I’m a 35-year-old Brit from London with qualifications in literature and psychology and a rather varied working background in music, television, neuroscience and all manner of things in between. My passions, however, lie in travel, writing and food, and with my blog, I’m able to focus on these (albeit not very consistently at present, with a 5-month-old baby on my knee!). As well as reviewing local restaurants and documenting wine-fuelled excursions into Riesling country, I explore traditional German recipes and celebrate Germany’s seasonal approach to food.

My German husband, who I met in London, was offered a job in Mainz three days before we got married, in 2010. I’d been badgering him to apply for jobs all over the world and, having had enough of my somewhat soul-destroying London commute, was very excited to escape with him to Germany to start our married life together. Though I’ll not lie: I’d have been content with relocating to the Maldives.

The biggest surprise I had moving here was discovering how “white” Wiesbaden is. Of course it’s unfair to compare a huge, sprawling capital city with a relatively small spa town, but coming from London, where white Brits are now a minority, I’m used to enjoying life in a truly multicultural environment.  There is a sizeable Turkish population here in Wiesbaden but I continue to find it strange to meander down a packed high street on a Saturday in a sea of almost exclusively white faces.

As a Brit, I am exceptionally keen on standing in a tidy, well-formed line for just about anything you can think of. Queuing is, as they say, a British national sport. So, imagine my dismay on discovering that the Germans, running entirely against stereotype, are all out for themselves when it comes to queuing.  Combine this with the fact that they apparently have no sense of personal space and you’ll find that getting on or off a bus or train is not dissimilar to engaging in a rugby scramble, and every time you stand at a supermarket checkout you’ll find you’re getting spooned.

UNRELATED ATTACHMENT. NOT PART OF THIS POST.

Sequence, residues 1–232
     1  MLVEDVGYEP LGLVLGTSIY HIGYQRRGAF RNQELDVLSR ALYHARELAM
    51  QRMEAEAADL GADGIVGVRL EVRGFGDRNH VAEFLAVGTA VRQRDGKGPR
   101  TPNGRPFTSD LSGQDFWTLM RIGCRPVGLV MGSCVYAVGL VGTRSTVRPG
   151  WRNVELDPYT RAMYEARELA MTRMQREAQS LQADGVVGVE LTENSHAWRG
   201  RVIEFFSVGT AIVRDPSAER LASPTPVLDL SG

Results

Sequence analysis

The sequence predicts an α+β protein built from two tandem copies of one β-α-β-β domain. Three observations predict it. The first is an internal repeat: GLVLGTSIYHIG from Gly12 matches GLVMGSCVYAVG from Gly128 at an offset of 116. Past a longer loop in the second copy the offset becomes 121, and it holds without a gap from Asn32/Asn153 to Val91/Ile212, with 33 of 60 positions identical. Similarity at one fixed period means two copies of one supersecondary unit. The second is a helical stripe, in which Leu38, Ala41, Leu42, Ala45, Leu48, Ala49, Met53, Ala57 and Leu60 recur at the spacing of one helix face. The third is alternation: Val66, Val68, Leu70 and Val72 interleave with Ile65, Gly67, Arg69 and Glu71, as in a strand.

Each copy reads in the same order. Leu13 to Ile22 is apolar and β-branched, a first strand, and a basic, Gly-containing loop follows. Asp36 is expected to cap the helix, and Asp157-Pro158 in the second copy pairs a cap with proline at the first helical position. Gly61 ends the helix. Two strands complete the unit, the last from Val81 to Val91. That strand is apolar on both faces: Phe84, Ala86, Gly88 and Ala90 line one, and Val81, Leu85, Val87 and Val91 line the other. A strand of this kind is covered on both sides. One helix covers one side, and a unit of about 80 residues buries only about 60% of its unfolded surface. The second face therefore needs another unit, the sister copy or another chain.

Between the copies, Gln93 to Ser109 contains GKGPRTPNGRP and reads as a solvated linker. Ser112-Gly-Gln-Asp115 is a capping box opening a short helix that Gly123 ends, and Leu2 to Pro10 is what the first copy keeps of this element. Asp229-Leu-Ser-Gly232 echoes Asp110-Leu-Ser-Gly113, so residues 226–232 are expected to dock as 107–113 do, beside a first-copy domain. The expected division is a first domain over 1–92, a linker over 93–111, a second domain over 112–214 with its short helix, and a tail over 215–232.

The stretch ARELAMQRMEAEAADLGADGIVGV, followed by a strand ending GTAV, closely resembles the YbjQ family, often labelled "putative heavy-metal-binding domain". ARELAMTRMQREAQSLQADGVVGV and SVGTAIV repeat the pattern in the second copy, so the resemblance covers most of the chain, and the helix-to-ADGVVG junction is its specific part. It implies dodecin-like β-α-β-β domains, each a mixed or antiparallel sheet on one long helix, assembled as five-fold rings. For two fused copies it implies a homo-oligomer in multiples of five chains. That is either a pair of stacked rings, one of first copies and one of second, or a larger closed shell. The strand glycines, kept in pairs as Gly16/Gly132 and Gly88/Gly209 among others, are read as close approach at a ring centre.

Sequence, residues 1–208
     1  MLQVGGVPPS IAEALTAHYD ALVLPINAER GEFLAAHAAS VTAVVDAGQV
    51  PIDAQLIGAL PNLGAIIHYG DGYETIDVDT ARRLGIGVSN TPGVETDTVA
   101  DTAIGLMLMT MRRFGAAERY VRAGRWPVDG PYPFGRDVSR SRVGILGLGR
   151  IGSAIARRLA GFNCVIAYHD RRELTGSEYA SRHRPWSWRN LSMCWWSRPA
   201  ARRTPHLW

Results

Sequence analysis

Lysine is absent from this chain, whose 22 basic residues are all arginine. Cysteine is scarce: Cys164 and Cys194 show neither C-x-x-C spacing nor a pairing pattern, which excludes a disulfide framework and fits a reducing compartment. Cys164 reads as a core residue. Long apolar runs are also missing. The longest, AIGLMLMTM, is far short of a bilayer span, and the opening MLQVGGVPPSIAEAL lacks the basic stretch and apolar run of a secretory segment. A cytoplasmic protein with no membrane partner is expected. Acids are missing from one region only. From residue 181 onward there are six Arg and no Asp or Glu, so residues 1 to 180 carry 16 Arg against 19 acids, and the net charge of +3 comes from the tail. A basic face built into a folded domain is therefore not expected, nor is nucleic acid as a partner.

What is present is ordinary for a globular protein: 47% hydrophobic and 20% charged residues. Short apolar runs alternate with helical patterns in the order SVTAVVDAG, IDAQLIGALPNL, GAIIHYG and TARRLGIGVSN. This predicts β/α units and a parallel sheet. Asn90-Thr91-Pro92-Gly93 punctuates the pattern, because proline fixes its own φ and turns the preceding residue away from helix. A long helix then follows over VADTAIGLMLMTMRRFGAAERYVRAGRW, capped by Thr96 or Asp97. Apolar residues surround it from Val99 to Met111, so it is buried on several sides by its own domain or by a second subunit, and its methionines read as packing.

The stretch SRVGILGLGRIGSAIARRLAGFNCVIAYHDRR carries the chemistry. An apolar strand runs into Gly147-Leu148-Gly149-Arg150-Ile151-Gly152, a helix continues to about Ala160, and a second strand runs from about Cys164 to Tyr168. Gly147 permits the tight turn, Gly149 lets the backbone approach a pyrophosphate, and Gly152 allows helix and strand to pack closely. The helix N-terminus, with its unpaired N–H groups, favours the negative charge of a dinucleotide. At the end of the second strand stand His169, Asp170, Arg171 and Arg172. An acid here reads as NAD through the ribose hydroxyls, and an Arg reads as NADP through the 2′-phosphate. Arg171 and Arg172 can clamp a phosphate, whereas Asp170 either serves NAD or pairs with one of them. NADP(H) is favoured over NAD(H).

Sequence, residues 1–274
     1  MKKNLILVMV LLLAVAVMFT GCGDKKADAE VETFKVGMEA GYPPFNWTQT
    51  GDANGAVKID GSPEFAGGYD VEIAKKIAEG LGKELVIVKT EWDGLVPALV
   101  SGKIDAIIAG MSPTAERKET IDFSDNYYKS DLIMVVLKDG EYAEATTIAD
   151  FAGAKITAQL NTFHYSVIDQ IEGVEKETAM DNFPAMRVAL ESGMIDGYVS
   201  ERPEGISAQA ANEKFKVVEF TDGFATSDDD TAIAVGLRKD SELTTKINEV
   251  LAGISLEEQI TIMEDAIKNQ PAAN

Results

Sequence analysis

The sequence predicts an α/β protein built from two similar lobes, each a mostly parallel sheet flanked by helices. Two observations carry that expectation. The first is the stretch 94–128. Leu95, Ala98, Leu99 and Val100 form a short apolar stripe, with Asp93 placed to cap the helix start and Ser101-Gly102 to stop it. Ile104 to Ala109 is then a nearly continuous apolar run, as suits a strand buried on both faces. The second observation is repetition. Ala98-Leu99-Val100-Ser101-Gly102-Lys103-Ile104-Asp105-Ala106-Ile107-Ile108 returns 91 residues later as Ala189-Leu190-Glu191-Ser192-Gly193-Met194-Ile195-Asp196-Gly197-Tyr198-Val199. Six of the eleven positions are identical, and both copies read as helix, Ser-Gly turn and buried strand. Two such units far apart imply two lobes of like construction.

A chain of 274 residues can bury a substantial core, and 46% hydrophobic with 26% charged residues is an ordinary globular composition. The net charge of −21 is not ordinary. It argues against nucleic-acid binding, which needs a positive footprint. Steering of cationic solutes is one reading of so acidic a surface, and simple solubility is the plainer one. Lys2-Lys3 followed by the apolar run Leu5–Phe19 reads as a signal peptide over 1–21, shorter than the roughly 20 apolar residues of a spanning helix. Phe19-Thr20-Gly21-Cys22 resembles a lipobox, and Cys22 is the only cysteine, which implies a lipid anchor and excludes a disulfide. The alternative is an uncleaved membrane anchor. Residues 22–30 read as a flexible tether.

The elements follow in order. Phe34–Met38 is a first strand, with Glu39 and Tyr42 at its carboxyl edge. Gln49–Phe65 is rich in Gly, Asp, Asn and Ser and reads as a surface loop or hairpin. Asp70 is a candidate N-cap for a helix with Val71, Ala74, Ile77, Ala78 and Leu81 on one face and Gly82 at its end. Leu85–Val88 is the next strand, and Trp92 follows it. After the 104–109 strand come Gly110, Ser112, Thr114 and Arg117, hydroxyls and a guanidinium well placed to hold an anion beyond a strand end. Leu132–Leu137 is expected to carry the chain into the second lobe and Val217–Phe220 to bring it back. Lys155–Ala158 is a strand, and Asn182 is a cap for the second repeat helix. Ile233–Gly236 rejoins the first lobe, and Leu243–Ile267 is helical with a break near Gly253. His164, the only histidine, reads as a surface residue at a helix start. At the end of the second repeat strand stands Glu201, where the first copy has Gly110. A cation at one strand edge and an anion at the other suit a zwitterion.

It’s hard to pinpoint typically German characteristics but of course stereotypes wouldn’t be stereotypes if there weren’t any truth in them. Of course, they are outgoing, friendly folks and those who prefer to keep themselves to themselves; relaxed, humorous types and uptight bureaucrats. However, there are three traits I’ve found to be fairly consistent across the Germans I’ve met or come to know well: they’re always punctual, they love a good debate and good grief, do they know how to party!

The most dramatic change that’s occurred in my lifestyle since I moved here has been the way in which I eat. When I first arrived in Germany, I was a confused by what I took to be a serious lack of variety in fresh produce on supermarket shelves.  I had no idea it was simply that the Germans are, broadly speaking, extremely dedicated to consuming local, seasonal produce. I’m ashamed now to think I didn’t know when cherries would come into season, or asparagus, or walnuts, or pears. Four years on, however, and I’d find it very difficult to eat any other way: you can’t beat the excitement of seeing the first fresh herbs of the year at the market; the pleasure of guiltlessly gorging on local strawberries come early summer; the joy of seeing the first pumpkins on the shelves as the days grow cold and dark. It makes cooking so much more pleasurable when you know you’re really making the most of the passing of the culinary year; and very satisfying to know that the food on your plate’s not travelled far to get there.

Can you tell us about a cross-cultural blunder you have committed in Germany?

Four years on, with some seriously intensive language classes under my belt, and I continue to make an idiot of myself with my faltering grasp of the German language. I once told my mother-in-law I’d been inside a 45 degree sausage (I’d meant “Wüsten” – desert – rather than “Wurst”); and I’ve lost count of the number of times, woozy in the unbearable wet heat of the Rheingau summer, that I’ve remarked to friends or colleagues on how very gay it is outside (gay = schwul; humid = schwül).  What a difference an umlaut makes…

 

 


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